Since he was turned into a little spider, as a spider-man, he had to fend for himself against larger and dangerous beings. And like children and downtrodden humans, he had to use his wits to survive. He became their hero.
My remembered journey with Anansi the Spider-Man began over 70 years ago as a child in Conversorium Elementary School in downtown Kingston. Our illustrated reader included a story about ‘How Annancy Went to Fish Country’. It was about our island’s folkloric hero and whose name Jamaicans spelled as Annancy. As a student on Howard University’s campus in Washington, DC, I researched the African origins of the folkloric character that Ghana’s Ashanti call Kweku Anansi. His name means a spider with the characteristics of a child born on Wednesday, or Wednesday’s child.
In an illustration course, I was given an assignment to illustrate a children’s book by the professor of the university’s Art Department in the College of Fine Arts. The story that I chose was Annancy and De Nyam Hills, by Pamela Colman Smith, from her 1899 book Annancy Stories.
This journey took me to create the first folkloric Anansi Stories comic strip that I called Anansesem. This weekly strip was published in the Gleaner Company’s STAR newspaper for almost five years.
The original Ashanti character for my comic strip was composed from the artistic aesthetics of Nigeria’s Benin bronzes. Although not Yoruba, their artistic style of rendering the human form easily loaned itself to American cartooning. In developing this character, the task was, how do you illustrate the visual concept of a half god and a half spider?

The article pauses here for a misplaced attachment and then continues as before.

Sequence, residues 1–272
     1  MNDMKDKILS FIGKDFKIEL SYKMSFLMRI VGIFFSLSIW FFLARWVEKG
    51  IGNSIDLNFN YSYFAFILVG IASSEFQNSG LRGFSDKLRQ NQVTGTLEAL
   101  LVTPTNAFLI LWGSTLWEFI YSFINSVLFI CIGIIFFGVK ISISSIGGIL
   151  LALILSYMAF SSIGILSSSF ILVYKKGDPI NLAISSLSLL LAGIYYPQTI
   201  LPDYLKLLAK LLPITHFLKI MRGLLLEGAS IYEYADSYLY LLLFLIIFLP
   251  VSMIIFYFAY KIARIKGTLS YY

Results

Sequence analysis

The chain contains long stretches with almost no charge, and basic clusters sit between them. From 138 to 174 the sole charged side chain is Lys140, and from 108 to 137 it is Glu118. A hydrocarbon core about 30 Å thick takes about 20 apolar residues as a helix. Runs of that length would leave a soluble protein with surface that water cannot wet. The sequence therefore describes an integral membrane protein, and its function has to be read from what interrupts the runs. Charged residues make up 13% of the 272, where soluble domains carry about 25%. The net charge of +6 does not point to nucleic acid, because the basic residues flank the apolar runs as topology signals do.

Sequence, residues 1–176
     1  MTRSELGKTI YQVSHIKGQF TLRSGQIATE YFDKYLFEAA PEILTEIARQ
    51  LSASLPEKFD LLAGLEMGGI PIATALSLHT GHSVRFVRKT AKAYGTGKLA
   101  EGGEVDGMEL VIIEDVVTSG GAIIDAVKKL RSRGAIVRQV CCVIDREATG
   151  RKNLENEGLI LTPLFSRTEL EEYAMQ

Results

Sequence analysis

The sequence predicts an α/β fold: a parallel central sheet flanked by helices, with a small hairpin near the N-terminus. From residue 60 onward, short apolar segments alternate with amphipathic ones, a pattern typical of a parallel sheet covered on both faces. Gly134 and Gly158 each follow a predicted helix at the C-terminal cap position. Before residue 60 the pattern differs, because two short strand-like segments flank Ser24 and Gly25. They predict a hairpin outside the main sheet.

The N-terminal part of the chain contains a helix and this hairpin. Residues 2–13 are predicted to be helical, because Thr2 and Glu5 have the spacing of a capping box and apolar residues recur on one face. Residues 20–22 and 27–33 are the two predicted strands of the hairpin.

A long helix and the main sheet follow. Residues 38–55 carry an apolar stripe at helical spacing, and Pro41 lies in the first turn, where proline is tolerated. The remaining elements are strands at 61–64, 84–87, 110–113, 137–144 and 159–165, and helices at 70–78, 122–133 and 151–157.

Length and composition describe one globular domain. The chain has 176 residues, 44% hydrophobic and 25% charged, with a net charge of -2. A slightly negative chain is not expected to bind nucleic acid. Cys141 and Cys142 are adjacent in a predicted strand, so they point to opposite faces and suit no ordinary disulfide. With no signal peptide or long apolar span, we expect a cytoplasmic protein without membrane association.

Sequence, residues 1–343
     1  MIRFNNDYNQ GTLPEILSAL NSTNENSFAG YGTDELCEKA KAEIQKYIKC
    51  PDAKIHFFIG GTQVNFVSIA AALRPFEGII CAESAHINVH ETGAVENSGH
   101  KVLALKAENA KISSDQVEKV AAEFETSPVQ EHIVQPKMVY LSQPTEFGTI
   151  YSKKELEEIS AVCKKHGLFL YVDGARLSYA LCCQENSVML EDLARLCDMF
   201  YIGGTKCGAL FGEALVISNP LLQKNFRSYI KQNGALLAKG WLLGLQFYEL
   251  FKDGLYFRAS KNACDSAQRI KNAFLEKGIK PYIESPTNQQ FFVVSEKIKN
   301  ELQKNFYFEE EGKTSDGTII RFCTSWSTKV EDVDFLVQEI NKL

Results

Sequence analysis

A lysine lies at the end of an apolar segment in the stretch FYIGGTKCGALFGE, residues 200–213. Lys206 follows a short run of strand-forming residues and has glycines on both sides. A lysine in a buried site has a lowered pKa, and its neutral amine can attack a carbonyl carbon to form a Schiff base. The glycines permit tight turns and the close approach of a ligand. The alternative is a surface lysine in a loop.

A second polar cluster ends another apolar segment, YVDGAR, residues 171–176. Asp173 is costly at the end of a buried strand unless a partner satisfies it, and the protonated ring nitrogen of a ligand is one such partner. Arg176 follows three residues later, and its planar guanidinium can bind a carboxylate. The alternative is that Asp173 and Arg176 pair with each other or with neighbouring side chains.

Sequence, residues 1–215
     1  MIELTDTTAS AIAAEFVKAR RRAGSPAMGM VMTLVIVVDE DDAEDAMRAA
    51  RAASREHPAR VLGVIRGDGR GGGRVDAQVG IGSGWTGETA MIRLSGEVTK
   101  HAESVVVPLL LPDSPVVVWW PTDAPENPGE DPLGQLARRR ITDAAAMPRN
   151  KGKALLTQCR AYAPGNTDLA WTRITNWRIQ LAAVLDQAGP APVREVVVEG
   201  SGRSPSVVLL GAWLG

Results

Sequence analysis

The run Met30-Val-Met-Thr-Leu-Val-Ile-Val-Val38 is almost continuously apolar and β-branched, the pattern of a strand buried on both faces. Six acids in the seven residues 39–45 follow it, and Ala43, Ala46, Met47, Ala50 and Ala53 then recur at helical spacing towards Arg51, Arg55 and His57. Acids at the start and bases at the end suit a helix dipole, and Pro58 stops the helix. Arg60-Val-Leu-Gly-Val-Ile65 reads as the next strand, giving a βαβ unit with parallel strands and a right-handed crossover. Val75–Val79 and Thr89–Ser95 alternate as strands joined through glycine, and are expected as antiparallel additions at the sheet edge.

Here, Kweku Anansi, the son of deities, is transformed into our spider-man. So, in our Anansi stories, he takes on both forms, depending on the story’s plot.
Our lesson? “Do or don’t do what Anansi did!” is often the moral.
Humanity began in Africa and we have inherited that pantheon. From the father figure, Ra and his family of Ancient Egypt to the Old Ones of the Akan’s Ashanti of Ghana’s N’yame the Sky his wife, Asase Ya the Earth goddess and their son, to our Kweku Anansi the Spider-Man. We associate our very existence with these beings. Stories about them and their relationship to us humans were invented to guide us to good, by avoiding evil.
Anansi the Spider-Man has stood the test of time. Now more than ever, the world needs Anansi! His antics as a little spider-man, instruct our children and remind us that might is not always right. And he is our oldest folkloric hero. In Jamaica, he needs an honoured cultural comeback. Students should continue the Anansi saga by writing their own versions of his exploits. I did. (See http://anansistories.com/ website’s page with a trilogy of his Jamaican son’s search for him.: http://anansistories.com/Ticky_Ticky.html)
“Hey, man. Where is your accent from?” he said. “Jamaica,” I replied. “Wow! My folks are Maroons taken to Freetown after the Second Maroon War!” We hugged.
Similarly, Kojo Baden, a Ghanaian Ashanti professor of art on Howard University’s campus commented on the Anansesem comic strip, “How could a Jamaican so accurately capture Anansi?’ “He is in the blood.” I replied.
- Michael is an avid Anansi storyteller, teacher and a lecturer. Send feedback to: firstname.lastname@example.org